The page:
“Inflation has come way down, and that gives us the ability to approach this question carefully and feel more confident that inflation is moving down sustainably,” Powell said. “It is still likely … that we will see that confidence and that there will be rate cuts.”

The Fed’s policymakers did make some small adjustments in their outlook: Their projections showed that in 2025, they now foresee only three rate cuts, down from the four they envisioned in their December forecasts.

One reason may be that they expect “core” inflation, which excludes volatile food and energy costs, to still be 2.6% by the end of 2024, up from their previous projection of 2.4%. In January, core inflation was 2.8%, according to the Fed’s preferred measure.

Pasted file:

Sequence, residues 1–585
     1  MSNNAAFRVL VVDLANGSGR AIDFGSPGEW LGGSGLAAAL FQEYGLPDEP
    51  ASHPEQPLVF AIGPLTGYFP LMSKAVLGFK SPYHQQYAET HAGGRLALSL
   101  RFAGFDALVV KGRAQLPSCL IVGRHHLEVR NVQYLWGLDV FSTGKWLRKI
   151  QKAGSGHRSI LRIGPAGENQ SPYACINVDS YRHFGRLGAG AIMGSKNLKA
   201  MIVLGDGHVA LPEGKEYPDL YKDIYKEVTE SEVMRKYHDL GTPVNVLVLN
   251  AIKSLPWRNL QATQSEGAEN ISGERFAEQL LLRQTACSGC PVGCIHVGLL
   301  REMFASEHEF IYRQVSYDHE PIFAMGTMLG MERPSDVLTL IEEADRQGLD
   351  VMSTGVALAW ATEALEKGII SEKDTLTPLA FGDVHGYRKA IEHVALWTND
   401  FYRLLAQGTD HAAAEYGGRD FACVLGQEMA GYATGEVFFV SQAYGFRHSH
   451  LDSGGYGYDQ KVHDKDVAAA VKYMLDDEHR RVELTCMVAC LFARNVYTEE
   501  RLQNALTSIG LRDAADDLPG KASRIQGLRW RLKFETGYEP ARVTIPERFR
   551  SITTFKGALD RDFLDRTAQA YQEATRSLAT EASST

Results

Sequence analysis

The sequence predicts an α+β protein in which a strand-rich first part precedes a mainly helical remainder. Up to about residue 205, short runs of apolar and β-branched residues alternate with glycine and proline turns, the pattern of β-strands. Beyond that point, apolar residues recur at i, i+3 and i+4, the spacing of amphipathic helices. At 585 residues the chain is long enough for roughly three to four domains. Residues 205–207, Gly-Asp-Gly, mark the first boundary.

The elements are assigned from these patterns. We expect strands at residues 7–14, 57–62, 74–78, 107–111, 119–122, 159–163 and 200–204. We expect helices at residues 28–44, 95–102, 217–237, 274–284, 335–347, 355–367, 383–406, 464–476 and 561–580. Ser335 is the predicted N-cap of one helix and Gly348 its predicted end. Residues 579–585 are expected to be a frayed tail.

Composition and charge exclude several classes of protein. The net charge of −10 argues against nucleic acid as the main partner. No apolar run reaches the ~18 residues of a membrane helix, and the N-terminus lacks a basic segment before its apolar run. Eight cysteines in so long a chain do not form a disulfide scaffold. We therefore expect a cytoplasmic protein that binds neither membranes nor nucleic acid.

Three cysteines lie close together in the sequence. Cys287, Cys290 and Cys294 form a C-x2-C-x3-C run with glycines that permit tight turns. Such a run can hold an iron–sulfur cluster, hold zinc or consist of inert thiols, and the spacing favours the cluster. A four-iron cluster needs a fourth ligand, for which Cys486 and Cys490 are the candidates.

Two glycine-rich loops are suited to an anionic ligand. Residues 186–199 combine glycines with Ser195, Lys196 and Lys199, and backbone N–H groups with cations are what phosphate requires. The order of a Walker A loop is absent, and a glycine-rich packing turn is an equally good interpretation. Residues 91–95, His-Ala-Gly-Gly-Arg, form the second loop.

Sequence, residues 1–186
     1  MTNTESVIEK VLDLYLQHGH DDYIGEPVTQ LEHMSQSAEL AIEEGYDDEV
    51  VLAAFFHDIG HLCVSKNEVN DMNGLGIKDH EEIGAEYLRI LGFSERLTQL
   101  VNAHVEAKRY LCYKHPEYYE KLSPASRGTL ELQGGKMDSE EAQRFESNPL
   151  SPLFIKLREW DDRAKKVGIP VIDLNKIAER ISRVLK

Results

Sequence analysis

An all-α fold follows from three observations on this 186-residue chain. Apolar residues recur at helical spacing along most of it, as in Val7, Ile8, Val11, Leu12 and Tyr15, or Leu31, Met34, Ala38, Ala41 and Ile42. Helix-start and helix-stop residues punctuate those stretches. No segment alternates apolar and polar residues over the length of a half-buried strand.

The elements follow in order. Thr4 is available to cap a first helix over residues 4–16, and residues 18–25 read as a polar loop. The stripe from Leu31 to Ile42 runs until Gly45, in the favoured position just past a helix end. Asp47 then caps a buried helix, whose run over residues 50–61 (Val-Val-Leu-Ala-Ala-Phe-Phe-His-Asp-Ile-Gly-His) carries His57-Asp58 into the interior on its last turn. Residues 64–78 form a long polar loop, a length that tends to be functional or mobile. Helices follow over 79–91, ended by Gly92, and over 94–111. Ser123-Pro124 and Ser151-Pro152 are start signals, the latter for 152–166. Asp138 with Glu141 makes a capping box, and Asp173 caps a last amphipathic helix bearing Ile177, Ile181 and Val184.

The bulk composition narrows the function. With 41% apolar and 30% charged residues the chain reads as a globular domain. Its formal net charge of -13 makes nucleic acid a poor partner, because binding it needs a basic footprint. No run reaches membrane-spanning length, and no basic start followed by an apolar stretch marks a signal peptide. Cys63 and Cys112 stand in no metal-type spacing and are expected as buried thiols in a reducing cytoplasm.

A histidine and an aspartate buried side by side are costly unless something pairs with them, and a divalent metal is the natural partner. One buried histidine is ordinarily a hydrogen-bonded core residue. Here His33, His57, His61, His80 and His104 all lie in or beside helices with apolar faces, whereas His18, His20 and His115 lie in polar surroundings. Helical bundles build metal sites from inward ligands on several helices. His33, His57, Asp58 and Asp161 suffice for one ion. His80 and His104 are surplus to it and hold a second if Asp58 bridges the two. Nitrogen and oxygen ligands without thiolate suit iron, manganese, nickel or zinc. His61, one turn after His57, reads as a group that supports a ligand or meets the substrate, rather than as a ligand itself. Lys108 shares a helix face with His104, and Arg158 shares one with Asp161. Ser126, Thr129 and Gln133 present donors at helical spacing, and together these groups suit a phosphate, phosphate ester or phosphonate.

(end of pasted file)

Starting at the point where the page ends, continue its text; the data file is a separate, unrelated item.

The Fed’s foecasts overall, suggest that

Most economists have pegged the Fed’s June meeting as the most likely time for it to announce its first rate cut, which would begin to reverse the 11 hikes it imposed beginning two years ago. The Fed’s hikes have helped lower annual inflation from a peak of 9.1% in June 2022 to 3.2%. But they have also made borrowing much costlier for businesses and households.

Though consumer inflation has tumbled since mid-2022, it has remained stuck above 3%. And in the first two months of 2024, the cost of services, like rents, hotels and hospital stays, remained elevated. That suggested that high borrowing rates weren’t sufficiently slowing inflation in the economy’s vast service sector.